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#

Buoyancy

If one places a copper ball in a pail of water it will sink,
whereas a wooden ball will float. Whether or not a given
object will sink or float in a fluid is determined by
the **buoyant force** on the object. The buoyant force is
essentially caused by the difference between the pressure at the top of the
object, which pushes it downward, and the pressure at the bottom,
which pushes it upward. Since the pressure at the bottom is always
greater than at the top,
every object submerged in a fluid necessarily feels an upward
buoyant force. Of course, objects also feel a downward force due to
gravity, and the difference between the
gravitational force and buoyant force on a
submerged object determines whether that object will sink, or rise to
the surface. If the weight is greater than the buoyant force, the
object sinks, and vice versa. It was Archimedes (supposedly while in
his bath), who realized that submerged objects always displace fluid
upwards (the level of water in the bathtub rose when Archimedes got
in). Thus, he reasoned that the buoyant force on an object must be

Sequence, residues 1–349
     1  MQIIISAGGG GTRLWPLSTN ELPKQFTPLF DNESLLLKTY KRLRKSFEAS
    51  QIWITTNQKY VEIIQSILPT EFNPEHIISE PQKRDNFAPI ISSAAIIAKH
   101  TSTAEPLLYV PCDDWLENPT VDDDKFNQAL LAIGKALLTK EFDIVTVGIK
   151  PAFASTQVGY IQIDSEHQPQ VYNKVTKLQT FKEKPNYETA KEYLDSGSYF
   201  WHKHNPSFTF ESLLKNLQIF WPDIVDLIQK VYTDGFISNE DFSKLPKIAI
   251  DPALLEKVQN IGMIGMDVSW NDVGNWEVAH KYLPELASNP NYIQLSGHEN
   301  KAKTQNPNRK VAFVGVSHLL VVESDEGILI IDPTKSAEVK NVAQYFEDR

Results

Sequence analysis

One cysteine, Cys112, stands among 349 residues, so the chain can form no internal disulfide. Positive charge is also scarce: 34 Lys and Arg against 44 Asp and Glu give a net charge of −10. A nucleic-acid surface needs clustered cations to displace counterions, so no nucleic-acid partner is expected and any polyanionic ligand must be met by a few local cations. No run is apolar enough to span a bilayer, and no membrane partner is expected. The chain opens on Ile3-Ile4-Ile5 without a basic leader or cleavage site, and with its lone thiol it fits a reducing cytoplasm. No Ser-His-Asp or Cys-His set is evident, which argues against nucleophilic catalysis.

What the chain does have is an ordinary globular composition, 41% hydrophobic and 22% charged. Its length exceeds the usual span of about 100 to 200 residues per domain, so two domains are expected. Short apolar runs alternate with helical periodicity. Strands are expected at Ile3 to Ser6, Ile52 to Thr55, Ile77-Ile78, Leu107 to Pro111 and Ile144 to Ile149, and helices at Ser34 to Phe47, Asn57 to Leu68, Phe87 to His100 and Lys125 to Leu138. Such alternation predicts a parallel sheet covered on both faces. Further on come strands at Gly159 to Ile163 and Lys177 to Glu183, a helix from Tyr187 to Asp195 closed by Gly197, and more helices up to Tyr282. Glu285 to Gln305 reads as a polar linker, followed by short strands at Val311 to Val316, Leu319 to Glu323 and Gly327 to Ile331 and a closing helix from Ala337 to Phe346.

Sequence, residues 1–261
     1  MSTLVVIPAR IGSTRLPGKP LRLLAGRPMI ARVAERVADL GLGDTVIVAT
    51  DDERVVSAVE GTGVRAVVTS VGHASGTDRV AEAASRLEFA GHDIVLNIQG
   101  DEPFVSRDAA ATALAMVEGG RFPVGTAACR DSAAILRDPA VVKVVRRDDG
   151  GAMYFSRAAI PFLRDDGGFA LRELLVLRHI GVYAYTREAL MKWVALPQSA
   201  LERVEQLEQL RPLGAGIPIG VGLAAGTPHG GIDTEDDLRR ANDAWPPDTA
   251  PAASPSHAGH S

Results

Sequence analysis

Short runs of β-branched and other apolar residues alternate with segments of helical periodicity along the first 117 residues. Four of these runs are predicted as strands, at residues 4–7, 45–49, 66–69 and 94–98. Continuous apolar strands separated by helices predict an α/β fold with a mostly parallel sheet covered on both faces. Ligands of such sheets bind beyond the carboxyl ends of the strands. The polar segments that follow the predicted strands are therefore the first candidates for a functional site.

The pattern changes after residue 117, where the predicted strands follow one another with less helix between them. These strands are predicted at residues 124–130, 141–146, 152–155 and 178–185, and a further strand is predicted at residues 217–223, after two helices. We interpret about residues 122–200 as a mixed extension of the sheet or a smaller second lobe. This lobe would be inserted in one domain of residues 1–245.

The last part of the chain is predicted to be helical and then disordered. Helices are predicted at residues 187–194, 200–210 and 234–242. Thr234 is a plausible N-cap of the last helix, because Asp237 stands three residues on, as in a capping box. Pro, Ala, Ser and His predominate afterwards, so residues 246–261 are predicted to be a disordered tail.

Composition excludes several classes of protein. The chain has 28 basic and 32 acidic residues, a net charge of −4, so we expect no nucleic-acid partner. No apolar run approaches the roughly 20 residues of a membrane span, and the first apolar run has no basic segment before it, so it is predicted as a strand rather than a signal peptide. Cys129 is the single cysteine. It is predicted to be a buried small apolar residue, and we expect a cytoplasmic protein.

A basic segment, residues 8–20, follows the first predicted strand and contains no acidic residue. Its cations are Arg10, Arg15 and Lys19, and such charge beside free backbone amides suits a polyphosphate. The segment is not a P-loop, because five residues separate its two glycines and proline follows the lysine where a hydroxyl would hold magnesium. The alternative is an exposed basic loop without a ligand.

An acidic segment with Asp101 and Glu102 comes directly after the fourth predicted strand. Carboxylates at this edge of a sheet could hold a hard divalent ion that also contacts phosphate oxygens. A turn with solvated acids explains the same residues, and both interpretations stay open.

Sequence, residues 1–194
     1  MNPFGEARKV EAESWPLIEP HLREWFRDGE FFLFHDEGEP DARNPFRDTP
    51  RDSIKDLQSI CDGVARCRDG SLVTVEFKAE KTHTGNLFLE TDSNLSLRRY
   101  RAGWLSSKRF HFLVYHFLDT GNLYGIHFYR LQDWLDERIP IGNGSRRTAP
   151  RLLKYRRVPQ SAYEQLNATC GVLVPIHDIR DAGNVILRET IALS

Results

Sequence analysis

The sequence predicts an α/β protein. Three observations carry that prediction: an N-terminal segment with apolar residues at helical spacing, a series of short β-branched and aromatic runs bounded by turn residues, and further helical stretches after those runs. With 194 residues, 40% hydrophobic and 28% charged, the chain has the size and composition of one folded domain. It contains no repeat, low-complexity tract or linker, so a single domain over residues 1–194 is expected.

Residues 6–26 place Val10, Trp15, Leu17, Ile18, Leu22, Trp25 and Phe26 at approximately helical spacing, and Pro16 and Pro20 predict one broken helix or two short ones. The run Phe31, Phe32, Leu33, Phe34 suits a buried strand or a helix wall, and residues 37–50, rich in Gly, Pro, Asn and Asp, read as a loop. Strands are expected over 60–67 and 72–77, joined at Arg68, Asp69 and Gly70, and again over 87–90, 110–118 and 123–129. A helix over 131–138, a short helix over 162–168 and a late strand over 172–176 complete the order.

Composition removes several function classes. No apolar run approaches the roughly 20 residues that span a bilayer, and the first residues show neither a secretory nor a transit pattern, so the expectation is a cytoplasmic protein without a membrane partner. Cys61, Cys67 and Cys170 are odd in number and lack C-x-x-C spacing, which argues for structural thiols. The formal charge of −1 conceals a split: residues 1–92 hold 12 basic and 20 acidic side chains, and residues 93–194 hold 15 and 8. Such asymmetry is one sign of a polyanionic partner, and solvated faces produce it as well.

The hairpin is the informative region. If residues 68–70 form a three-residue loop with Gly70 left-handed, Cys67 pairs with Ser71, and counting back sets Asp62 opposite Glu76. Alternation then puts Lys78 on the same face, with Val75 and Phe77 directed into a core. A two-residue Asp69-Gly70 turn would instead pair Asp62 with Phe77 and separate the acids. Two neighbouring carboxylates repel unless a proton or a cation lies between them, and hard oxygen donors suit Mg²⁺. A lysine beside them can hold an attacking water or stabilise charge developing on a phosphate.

equal to the weight of fluid that object displaces. If the weight of an object is greater than
the weight of displaced fluid, it will sink, wherease if the weight of
the object is less than the weight of displaced fluid, it will rise.
Moreover, it
is evident that the volume of displaced fluid is precisely equal to
the volume of the submerged part of the object, so that the difference
between the buoyant force and the weight is determined by the relative
density of the object and the fluid. In particular, we come to
**Archimide's principle**, which implies that

This explains why wood and styrofoam float on water, whereas
concrete and steel sink. It also explains why it is nonetheless
possible to make boats out of steel or even concrete.
As long as there are portions of the boat below the surface of the
water that
are hollow (i.e. contain air), the effective density of the boat
can be less than that of water even though the real density of
the material is greater.

** Next:** Bernoulli's Principle
**Up:** Fluids
** Previous:** Pressure
*modtech@theory.uwinnipeg.ca *

1999-09-29